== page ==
Productivity and pressure

Today’s mot du jour (said in a sophisticated French accent, naturellement) is “productive.” It’s 11.07am as I type this and already I’ve run five kilometres on the treadmill, sifted through the reams of crap accumulated in my desk drawers during my sixteen months here (binning most of it and saving a few nuggets that may be of use later on), applied for my New York visa, ordered both my travel money and insurance and made an exhaustively comprehensive to do list covering virtually every remaining minute of my working day (and indeed beyond, as this evening I’ll be helping my boyfriend move into his new place by lugging a massive suitcase from one end of London to the other in the name of love – or lunacy, I’m not sure which).

In short, I’m in the midst of a necessary manic phase, which has got me thinking about the nature of pressure. I don’t know about you but I have a love hate relationship with pressure. When I’m under huge amounts of it I panic; my hands sweat, my head pounds, my breathing is shallow. Sometimes (too often) I turn into a whimpering, gibbering mess in the corner, claiming between sobs that it’s all too much, I just can’t do it. But then a funny thing happens; I remind myself to breathe, drag myself out of the corner, put the kettle on and sit back down at my desk. And then I simply carry on. And you know what? If it wasn’t for the pressure bearing down on me I often wouldn’t complete the task I’d set out to achieve in the first place. In other words, much as it stresses me out, pressure is an essential part of my productivity. I work better with it than without it – and that’s a fact.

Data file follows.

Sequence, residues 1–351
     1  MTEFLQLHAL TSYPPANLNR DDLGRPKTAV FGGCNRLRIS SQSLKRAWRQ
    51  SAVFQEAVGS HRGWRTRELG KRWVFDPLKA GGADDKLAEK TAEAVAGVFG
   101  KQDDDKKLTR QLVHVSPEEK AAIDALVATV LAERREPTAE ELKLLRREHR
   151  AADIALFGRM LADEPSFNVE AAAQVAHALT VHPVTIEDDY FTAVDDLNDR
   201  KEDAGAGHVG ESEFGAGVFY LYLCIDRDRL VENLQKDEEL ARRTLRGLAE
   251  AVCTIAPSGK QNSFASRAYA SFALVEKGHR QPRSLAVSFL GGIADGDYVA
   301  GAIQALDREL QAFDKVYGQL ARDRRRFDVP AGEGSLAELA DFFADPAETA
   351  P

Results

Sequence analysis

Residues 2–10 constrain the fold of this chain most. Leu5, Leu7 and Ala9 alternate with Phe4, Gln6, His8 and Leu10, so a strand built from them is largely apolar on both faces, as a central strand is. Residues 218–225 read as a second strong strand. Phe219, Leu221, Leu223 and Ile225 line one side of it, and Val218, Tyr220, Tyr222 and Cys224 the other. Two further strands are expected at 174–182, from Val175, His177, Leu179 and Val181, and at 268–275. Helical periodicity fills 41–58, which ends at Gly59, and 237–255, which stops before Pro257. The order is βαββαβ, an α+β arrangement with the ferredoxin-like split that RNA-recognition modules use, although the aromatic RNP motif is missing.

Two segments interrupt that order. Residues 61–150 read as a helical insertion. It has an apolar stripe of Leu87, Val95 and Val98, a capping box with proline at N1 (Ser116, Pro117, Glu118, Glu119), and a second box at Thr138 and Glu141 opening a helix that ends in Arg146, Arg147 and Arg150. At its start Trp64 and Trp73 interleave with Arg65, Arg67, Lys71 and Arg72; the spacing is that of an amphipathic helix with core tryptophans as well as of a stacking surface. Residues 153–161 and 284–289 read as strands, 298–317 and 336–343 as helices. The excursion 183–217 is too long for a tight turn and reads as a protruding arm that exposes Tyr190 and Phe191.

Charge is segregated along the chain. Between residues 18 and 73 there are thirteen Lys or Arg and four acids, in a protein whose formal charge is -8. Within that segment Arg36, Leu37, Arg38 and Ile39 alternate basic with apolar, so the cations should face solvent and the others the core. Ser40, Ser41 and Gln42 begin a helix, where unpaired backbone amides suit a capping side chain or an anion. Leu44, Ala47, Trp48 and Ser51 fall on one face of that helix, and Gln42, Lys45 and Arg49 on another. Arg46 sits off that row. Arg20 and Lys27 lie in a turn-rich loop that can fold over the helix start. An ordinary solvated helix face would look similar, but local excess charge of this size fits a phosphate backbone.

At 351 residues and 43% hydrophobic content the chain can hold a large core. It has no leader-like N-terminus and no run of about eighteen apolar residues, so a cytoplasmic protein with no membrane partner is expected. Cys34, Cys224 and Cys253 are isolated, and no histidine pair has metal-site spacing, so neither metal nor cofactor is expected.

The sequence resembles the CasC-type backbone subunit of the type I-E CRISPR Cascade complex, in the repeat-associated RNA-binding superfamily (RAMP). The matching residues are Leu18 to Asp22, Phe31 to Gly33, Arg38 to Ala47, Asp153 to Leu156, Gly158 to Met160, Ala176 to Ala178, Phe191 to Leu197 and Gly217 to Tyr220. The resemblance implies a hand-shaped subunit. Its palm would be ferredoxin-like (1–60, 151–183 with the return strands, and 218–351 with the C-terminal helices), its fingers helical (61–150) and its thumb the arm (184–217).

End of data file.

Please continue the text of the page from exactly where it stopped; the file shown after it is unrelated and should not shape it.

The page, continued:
At school and university I could often be found at 2am the night before an important exam, cramming every bit of information I possibly could into my brain. It wasn’t that I hadn’t bothered to revise (well, it wasn’t always that), I just couldn’t focus properly until I was under sufficient pressure to be able to block everything else out. I’ll never forget the week before my dissertation was due when it dawned on me I really had left it too late, and I had to pull out every last stop to deliver on time. My body’s reaction to that particular period of pressure was somewhat extreme – I blacked out whilst hyperventilating over the choice of finishing my dissertation and attending a party. Needless to say I eventually (and sensibly, as wasn’t always customary in those days) opted to stay in and finish the dissertation, and thankfully went on to clinch an upper second degree as a result.

In today’s society pressure is, whether we like it or not, all around us. We feel pressure to succeed in every aspect of our lives, from our jobs to our relationships and even in our hobbies. Even those who seem, on the face of it, to be at the top of their game – the company CEO, for example – are under constant pressure to deliver better, smarter, cheaper. But the reason such people get to the top of their game is because they’ve managed to get a handle on the pressure and make it work to their advantage. They’ve understood that often pressure is a good thing which provides a necessary catalyst for change (if you don’t think change is a good thing, see yesterday’s post which, I hope, will change your mind – geddit?).

Now I’m afraid I really must be off, I’ve got a million and one things to do before the day is out and my hands are getting clammy….

This photo shows me at a time when I was under considerable pressure – to host and deliver a successful end of expedition ceremony in Borneo in 2011. You can tell from the sweat on my brow I was nervous (and also brown – so brown, sigh…), but fortunately my effort was passable and the event was a success. See? Pressure in action. I rest my case.

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